Alex put the phone down and went to work. She knew her mother was going to be reaching out to old clients. She’d seen the list of businesses herself. She didn’t expect many to call her though.

She especially didn’t expect to hear from Fierce, the biggest name on the list. The one that could generate a massive amount of future business for her. The one she really wanted a chance at working with. Not that she’d admit that to her mom since she put up such a fit about her mother reaching out to begin with.

Unfortunately for her, she’d have to deal with Cade Fierce now.

Not that she’d ever met him in person. Or any of the Fierce siblings. She remembered their mother, Jolene, and their father, Gavin, from when they came to pick things up from her parents when she was a kid. But she’d never seen their kids.

She knew of Cade though. Or better yet, his reputation at Duke.

Maybe it was all false? Or maybe not. She was painfully familiar with reputations and assumptions about herself and tried to keep that in perspective.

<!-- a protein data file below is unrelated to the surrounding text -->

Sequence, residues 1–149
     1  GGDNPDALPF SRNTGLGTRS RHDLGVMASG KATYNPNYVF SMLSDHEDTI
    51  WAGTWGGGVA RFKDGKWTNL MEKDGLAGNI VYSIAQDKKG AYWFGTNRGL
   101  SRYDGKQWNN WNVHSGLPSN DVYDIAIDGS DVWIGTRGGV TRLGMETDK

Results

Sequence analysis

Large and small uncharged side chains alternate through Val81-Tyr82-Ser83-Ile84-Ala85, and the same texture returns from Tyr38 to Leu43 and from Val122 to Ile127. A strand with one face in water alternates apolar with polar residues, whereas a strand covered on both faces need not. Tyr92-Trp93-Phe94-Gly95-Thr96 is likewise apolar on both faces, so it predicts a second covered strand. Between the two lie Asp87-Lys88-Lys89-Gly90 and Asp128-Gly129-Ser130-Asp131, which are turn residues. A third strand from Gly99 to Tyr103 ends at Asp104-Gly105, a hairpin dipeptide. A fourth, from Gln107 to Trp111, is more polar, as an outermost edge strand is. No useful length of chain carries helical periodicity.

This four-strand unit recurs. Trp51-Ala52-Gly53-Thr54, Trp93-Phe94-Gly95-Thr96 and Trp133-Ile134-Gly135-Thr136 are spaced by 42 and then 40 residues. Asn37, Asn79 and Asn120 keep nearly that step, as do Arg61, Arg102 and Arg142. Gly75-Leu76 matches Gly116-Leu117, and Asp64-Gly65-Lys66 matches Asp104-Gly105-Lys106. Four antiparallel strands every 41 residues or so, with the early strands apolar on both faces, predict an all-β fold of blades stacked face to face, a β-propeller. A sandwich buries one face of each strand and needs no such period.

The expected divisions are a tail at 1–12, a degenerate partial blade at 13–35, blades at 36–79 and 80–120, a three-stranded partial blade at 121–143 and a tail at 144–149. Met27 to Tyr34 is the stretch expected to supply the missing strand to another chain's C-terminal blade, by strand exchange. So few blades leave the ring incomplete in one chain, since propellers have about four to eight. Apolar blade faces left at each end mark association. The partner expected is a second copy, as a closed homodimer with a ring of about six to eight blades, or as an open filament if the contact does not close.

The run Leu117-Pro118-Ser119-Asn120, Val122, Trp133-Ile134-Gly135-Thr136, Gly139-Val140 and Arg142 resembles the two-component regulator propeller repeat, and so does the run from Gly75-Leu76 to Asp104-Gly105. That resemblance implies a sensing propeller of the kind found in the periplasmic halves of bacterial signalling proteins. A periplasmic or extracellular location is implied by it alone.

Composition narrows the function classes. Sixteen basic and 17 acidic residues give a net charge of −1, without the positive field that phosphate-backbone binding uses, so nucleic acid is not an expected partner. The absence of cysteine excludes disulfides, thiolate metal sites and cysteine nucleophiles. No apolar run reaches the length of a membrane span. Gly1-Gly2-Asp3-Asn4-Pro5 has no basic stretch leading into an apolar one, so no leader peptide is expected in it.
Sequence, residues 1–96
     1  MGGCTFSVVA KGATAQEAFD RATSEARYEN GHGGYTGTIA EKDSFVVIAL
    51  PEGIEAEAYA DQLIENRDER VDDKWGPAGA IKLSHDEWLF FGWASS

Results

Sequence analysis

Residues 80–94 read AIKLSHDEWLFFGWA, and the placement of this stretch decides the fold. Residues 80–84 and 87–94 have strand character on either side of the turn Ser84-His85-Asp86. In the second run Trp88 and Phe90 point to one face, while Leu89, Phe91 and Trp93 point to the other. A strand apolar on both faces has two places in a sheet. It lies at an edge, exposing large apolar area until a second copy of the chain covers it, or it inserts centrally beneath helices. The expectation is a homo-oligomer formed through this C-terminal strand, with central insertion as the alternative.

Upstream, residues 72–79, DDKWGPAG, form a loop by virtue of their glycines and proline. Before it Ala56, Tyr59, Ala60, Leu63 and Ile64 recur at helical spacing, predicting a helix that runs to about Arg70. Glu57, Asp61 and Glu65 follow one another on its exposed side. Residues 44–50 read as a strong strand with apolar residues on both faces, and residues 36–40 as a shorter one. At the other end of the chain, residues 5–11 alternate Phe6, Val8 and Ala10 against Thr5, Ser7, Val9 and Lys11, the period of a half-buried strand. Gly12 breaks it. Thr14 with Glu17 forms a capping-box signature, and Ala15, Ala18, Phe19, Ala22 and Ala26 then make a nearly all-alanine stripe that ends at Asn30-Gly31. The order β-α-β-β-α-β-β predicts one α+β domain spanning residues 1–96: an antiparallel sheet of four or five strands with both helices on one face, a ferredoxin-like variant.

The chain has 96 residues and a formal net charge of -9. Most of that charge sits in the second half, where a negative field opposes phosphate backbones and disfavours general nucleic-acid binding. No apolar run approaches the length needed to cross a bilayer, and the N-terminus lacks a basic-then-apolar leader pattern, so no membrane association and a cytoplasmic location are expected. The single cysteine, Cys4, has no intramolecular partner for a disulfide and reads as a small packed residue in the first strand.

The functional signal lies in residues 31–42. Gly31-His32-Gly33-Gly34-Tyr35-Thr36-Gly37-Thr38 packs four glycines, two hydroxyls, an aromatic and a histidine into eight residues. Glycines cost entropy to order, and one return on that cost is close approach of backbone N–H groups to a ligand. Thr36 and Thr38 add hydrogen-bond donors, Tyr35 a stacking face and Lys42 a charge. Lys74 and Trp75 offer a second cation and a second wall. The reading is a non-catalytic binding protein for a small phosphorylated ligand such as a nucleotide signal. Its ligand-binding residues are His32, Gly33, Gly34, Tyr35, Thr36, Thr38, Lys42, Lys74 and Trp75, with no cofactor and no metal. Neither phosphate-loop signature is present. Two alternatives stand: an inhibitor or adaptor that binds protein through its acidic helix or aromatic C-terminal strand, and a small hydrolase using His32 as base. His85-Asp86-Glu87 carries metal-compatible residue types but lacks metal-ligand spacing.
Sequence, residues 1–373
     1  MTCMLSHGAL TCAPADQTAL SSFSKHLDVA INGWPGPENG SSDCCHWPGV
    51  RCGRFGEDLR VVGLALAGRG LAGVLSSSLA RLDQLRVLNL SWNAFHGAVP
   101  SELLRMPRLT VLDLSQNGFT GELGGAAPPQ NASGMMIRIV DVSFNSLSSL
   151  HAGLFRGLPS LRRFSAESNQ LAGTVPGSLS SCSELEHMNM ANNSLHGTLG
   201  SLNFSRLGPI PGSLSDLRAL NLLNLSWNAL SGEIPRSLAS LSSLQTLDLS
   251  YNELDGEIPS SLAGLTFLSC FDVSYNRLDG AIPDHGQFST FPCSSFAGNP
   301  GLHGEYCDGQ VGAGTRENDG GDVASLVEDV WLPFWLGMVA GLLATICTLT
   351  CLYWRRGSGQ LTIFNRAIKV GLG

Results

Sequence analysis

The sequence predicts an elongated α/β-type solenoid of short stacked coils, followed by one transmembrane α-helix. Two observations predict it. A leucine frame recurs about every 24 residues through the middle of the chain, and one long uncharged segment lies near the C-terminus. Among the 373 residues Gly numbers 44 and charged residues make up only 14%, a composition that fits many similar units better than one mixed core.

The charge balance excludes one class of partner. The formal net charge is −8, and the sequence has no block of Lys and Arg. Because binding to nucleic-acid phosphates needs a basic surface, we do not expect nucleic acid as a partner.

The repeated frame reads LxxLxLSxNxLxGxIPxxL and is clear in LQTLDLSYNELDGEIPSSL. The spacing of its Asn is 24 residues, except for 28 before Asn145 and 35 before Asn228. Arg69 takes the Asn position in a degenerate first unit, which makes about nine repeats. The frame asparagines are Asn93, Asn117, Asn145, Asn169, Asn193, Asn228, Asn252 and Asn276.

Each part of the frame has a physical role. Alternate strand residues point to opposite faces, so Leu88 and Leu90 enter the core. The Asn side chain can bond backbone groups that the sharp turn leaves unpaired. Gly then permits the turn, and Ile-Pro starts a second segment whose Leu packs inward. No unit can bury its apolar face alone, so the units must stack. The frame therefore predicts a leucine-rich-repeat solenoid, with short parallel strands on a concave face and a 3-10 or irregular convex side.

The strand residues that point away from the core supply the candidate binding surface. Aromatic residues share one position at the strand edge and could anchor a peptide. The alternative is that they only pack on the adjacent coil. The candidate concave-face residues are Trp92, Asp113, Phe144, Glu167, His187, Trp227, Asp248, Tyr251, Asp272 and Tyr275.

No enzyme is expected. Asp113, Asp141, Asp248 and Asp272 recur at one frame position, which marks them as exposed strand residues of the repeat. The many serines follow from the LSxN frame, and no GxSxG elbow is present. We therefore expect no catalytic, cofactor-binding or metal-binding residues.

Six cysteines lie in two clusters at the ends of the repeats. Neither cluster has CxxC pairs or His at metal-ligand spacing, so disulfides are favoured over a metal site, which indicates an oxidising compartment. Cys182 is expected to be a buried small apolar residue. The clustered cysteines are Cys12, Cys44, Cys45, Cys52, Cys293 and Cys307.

None of that mattered because he was going to be here in a few hours and wanted to see what she had to offer, so she’d be ready for him.

Only she wasn’t ready for him when he walked in the door all full of confidence with a swagger that would rival James Dean.

He had dark hair and darker eyes. Eyes that were smiling at her. No, smirking. Like he had something he wanted to say but was biting his tongue. She’d seen that look from men before and was going to pretend indifference, a look she’d mastered so long ago.